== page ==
Something happened the other day that I’d never seen in my more than half-century of playing golf. And I’ve got to admit that it damaged my trust in my fellow golfers.
In the space of seven holes, I twice hit a shot, knew exactly where it was and then couldn’t find it – after another group had walked through the same area.
The first time, I saw a guy pick up what I thought was my ball. My second shot on No. 4 had hit a tree and bounded behind a neighboring tee – a spot where there really shouldn’t be any other balls.
I saw where it went. It wasn’t that far from me.
I started walking there and watched as the guy drove through with his cart, stopped and picked up what I thought was my ball.
I called to him and waved, indicating that I thought it was mine. He yelled back, “Don’t worry, I know it’s mine.”
Never mind that the only way it could have been his ball would have been if he had thrown it there after putting on the previous green. The only possible hole that the ball could have come from was mine.
It gets better – or worse, from my perspective.
When I got to the spot, I found another ball a few feet away. He stood on the tee and stared at me. I stared back and indicated that I had found a ball that wasn’t mine. He was unfazed.
I could tell that he was the kind of guy who wouldn’t take it well if I walked up there with the ball I had found, asked if it was his and demanded that he show what he had picked up. So, much to my disappointment, I felt as if it was best to let it go.
The round got even more bizarre after that.
On the eighth hole, I hit two shots that we never found, one of them a provisional that should have been right in the middle of the fairway.
Then on No. 10, I hooked my drive to the next fairway on the left. It had been a bad day. I hadn’t a played in awhile, and it showed. But my day was about to get worse.
Again, I went walking up there as another group came through. There were several balls in the fairway. I was sure one of them was mine.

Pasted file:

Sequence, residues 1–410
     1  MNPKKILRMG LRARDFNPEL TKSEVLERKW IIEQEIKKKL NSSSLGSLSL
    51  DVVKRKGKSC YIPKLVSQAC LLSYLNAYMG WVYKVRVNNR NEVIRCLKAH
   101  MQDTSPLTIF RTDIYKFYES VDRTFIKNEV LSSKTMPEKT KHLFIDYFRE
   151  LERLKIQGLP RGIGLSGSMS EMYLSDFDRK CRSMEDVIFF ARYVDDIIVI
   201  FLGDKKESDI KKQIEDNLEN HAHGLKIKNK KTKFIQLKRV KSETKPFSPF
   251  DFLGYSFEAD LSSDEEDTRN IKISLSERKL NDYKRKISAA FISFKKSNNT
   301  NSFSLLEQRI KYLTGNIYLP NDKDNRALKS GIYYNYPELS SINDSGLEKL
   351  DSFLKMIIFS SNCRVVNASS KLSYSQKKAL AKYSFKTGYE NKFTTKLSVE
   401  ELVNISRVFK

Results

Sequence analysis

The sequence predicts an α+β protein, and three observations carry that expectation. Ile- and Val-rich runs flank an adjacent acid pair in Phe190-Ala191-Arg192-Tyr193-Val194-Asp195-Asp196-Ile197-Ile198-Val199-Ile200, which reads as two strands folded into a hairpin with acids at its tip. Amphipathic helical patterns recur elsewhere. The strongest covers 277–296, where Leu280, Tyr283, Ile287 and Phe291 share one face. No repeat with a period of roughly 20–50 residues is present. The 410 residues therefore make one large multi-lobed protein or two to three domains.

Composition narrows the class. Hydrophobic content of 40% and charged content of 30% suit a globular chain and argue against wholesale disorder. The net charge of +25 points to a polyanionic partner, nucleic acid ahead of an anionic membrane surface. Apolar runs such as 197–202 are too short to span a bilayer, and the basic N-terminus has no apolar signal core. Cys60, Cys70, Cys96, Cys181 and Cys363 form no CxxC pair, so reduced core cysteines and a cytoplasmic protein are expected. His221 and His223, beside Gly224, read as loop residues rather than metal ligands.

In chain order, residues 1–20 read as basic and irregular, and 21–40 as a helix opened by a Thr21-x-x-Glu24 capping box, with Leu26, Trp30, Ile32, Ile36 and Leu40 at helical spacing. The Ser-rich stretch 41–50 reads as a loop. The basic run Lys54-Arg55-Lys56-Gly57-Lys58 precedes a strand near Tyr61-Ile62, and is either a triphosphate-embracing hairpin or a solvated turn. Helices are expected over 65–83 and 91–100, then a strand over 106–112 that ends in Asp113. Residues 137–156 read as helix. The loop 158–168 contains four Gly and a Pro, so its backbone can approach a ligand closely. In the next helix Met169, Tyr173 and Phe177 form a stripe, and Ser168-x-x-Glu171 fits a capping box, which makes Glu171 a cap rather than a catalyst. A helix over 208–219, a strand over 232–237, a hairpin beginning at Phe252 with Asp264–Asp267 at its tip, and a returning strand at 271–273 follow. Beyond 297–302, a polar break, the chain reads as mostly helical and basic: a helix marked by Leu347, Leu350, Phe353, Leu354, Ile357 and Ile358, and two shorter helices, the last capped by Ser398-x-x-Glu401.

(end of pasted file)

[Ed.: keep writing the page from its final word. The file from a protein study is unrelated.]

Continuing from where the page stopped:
But then they each hit a shot as I walked up, and when I got to the spot I had pegged for my drive, there were no balls to be found. I couldn’t believe it. How could this be? I saw it! No one in the other group even looked up even though they could tell that I thought my ball should be there. I hadn’t seen any of them pick it up, but who knows? Maybe one of them played it.
In both cases, I hit bad shots and probably deserved what I got, at least to some degree. But here’s my take on the issue of finding balls on the golf course.
From time to time, I have come across a golfer who says he regularly finds balls on the course. Whenever I hear that, my first thought is, “Yeah, and how many of them were in play?”
It’s a better game when we help each other out there. Whenever a ball bounces near my group from an adjacent hole, I feel duty bound to wave and let them know where it is – especially if it’s in a bad lie that might make it hard to find.
And when I come across a ball that’s seemingly lost, I won’t pick it up unless there is no possible way that someone just hit it there. The last thing I want to do is cost someone a ball that should still be theirs.
It’s frustrating enough when you lose a ball. It’s 10 times worse when you were sure you knew exactly where it was and suspect that someone took it.
So I urge you to think twice the next time you pick up a ball that doesn’t seem to have an owner anymore. Do you really need the ball that badly?
And ask yourself this: How are you going to feel the next time it happens to you? Because you know it will.
The honesty and integrity that are so central to our great game include having other golfers’ best interests at heart. If you come across a ball that’s not from your group, take a look around. You could make someone’s day rather than ruin it.